Auto Repair Questions

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Frequently Asked Questions

Q: My car’s steering wheel shakes at 60mph or faster. Could this be an alignment issue?

A: A vehicle that has vibration at highway speeds will frequently have a couple of contributing problems. In general, the principle causes for shaking come from an imbalance in fast rotating components such as tires, wheels, drive axles, u-joints, or the CV axles found in front wheel drive cars. Often, an alignment with a tire balance is sufficient to correct these problems. On other occasions, loose steering parts, worn tires, or worn suspension parts may need to be repaired in order to correct these vibration concerns.

Q: My tires are wearing on the inside edge and they are relatively new. Is this something alignment will take care of?

A: In most cases, yes. Any unusual wear or cupping seen on either inside or outside edges typically indicates a need for an alignment check.

Q: Recently my car has started to shake at lower speeds and it tends to pull to the right severely. Is this wheel alignment?

A: Possibly, but a severe vibration accompanied by a pull to the right or left at 40mph or less is often associated with tire separations and broken tire belts. Both of these conditions are very serious and can result in tire blow-outs. For safety reasons, an immediate inspection IS HIGHLY RECOMMENDED!

Q: My car vibrates when I apply the brakes. Is this related to brake problems?

A: Very likely. The symptoms presented by worn brake pads are usually associated with overheated and warped brake disks/rotors. Repairs are often confined to the replacement of pads and if in sufficiently good condition, the resurfacing of the disks on a brake lathe to remove any distortion or warp.

Q: There is a slight squeaking noise when I back up and at times the squeak will go away if I apply or release the brakes. It doesn’t do it every time and I don’t hear it going forward. What‘s the problem?

A: A slight squeak when making the first few stops may not be an indication of brake wear. But a persistent squeak while backing up may be the first indication of pad wear and eventual complete failure. The wear sensor present on most brake pads will many times only make noise while backing up. Generally, this noise will inevitably occur when moving forward as well. A quick brake inspection can determine the exact condition of the system components, followed with recommendations for remediation.

Q: The red brake light that comes on when I apply my parking brake is now staying on when I’m driving. What is causing this?

A: An illuminated red brake warning lamp may indicate a low brake fluid condition or other serious brake problem. A leak in brake system lines, defective seals in master cylinders or wheel cylinders can all produce a fluid loss resulting in the loss of braking. Any presentation of a red brake warning light indicates a serious brake problem that should be inspected as quickly as possible. Under no circumstances should brake fluid be added to the system without a professional inspection.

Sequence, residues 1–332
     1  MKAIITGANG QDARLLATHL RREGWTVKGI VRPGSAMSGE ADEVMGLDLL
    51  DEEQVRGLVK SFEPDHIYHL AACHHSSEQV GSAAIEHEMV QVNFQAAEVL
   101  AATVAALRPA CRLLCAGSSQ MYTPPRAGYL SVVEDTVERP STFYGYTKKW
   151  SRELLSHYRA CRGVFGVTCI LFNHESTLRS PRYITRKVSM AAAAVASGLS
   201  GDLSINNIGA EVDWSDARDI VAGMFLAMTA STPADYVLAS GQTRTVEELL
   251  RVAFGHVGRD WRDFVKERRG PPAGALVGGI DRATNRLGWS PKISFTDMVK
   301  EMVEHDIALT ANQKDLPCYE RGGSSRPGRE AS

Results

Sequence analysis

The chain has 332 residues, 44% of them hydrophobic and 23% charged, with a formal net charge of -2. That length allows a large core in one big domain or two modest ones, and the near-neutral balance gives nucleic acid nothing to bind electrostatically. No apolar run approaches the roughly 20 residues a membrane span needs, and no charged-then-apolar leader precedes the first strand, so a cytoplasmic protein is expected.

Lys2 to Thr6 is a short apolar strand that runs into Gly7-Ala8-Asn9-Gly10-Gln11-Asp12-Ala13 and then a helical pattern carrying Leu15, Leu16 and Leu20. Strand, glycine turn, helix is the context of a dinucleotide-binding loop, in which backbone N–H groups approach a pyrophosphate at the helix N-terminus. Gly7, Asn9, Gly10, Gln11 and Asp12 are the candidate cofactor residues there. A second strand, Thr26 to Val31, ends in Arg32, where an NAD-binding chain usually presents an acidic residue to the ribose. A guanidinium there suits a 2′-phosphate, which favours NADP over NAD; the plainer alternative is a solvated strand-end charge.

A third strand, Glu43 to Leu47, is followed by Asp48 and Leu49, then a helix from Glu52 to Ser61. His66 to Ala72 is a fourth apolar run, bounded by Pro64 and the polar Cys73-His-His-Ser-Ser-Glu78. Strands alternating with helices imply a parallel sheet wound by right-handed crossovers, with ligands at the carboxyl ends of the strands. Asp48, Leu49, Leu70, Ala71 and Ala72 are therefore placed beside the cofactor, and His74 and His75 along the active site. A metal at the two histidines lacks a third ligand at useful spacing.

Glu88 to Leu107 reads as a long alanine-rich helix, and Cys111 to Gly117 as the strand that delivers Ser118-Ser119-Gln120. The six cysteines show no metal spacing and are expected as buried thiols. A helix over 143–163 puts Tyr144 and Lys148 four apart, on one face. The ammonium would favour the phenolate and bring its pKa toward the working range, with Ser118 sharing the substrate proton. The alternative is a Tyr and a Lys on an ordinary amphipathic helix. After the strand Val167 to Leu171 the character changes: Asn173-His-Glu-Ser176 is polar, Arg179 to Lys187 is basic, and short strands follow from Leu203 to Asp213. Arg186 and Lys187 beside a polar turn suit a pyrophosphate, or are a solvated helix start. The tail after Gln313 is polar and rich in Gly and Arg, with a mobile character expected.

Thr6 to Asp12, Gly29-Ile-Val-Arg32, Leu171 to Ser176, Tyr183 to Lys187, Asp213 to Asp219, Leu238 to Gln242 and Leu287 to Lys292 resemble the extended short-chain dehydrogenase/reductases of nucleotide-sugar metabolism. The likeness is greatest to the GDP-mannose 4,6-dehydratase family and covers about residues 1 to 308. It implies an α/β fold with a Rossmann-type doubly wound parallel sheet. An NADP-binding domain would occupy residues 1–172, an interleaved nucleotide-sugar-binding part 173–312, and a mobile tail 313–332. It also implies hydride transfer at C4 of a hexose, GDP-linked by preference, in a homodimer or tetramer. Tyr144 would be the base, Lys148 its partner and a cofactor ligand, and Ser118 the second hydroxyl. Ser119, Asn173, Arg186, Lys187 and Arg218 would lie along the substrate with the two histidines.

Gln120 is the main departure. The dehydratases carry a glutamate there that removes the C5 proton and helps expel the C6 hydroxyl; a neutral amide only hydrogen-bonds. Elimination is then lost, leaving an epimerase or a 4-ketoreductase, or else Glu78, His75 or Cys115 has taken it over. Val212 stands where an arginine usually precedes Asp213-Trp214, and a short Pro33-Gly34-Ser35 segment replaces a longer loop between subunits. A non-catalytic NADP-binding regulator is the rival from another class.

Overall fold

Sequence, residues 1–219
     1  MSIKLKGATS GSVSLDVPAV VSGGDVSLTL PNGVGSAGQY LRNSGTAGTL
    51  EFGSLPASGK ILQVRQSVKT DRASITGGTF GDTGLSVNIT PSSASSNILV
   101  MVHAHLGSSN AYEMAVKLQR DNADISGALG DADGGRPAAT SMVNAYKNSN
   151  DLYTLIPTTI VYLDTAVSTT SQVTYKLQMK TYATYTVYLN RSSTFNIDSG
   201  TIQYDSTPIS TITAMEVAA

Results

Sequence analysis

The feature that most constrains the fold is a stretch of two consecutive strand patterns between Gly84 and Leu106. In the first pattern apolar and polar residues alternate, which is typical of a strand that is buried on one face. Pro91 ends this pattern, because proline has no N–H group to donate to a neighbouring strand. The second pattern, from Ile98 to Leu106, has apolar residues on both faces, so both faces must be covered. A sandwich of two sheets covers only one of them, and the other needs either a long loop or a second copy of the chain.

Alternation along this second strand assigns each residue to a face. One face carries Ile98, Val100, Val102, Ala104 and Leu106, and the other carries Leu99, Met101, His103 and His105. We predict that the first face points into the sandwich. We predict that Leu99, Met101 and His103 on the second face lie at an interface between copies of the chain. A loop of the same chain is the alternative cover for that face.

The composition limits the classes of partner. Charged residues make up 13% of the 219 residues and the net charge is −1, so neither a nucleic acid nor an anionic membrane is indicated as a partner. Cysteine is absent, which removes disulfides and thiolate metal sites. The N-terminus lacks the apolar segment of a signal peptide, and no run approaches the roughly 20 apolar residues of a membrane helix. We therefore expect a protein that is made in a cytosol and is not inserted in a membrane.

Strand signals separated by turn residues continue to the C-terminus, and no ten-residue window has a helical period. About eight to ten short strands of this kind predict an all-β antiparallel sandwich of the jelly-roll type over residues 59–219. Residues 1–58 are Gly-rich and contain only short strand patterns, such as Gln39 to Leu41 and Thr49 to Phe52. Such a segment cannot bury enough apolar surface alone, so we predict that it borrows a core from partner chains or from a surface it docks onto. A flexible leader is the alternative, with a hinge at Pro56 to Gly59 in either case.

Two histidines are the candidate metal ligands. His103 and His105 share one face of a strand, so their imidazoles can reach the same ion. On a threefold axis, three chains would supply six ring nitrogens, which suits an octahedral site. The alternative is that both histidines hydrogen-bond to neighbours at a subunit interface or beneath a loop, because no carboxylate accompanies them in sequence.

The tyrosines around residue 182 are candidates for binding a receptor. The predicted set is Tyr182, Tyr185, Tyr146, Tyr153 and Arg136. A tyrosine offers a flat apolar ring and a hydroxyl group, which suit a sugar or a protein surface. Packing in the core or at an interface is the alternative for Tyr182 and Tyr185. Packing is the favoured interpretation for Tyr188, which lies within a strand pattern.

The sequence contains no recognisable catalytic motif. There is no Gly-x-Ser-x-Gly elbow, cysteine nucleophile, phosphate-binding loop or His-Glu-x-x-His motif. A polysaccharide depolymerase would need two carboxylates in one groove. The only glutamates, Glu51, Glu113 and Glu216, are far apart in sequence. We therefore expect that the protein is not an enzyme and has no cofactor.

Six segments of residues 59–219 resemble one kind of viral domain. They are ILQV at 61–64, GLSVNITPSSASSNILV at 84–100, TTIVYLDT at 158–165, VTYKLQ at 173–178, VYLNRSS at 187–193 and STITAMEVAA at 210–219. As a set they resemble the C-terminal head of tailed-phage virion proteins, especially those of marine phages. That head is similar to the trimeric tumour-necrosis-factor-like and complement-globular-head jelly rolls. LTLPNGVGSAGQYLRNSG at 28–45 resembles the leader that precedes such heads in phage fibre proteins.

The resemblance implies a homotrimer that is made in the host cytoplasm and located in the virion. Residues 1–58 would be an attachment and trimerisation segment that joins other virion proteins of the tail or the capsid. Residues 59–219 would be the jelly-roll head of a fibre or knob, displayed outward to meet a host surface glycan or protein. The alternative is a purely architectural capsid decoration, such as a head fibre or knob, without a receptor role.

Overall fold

Q: My car is pulling to the right while I’m driving at highway speeds. Do I need an alignment?

A: A pull to one side while driving warrants an alignment check to determine the mechanical contribution of wheel position to steering accuracy. Many times, an alignment is sufficient to correct a pull. In others, alignment and tire rotation is required to remediate these issues.

Q: My Check Engine Light is on but the car seems to be running fine. Someone told me that this was a loose gas cap. Should I be concerned?

A: A Check Engine Light or Service Engine Soon light is an indication of diminished engine performance or efficiency. While failures such as a loose gas cap may seem innocent, even loose fuel filler caps can cause evaporation of fuel from the gas tank and result in costs for more frequent fill-ups. More often are problems with various sensors or control components like fuel injectors, spark plugs, oxygen sensors, mass air flow sensors, throttle position sensors, or other devices designed to maximize the engine efficiency of you car. A quick scan by trained professionals can usually guide customers in determining whether to pursue further diagnostics and repairs. It is important to remember that “not knowing” the cause for the light places the car at considerable risk for major damage. There are several hundred fault codes monitored by the car’s computer. Some are serious, and some are not, but knowing the answer is better found out sooner than later.

Q: My car just clicks when I try to crank it up. The battery is good because the lights come on, the radio works and the battery is only about 3 years old. What could be going on?

A: There can be several contributors to a “no crank” symptom, including a weak or damaged cell in the battery, poor electrical conductivity in terminals, relays, or battery cables from corrosion, defective ignition switch, or a bad starter itself. While the presence of a working radio or headlamps indicated battery power is available, it is important to realize the differences in power requirements for these different systems. The amperage needed to run a typical radio is in the order of 5-10 amps, the headlamps 10-20 amps, but to start an engine, the required amperage is more in the ballpark of 300-400 amps. Fortunately, a quick scan with an appropriate diagnostic tool can often identify the issues within a few minutes and has considerable accuracy and reliability in helping solve these problems.

As always, the staff at QuickAlign is available for phone questions at any time during business hours. If an issue or inquiry should need to be addressed after closing, send us an e-mail ( for a timely and hopefully informative response!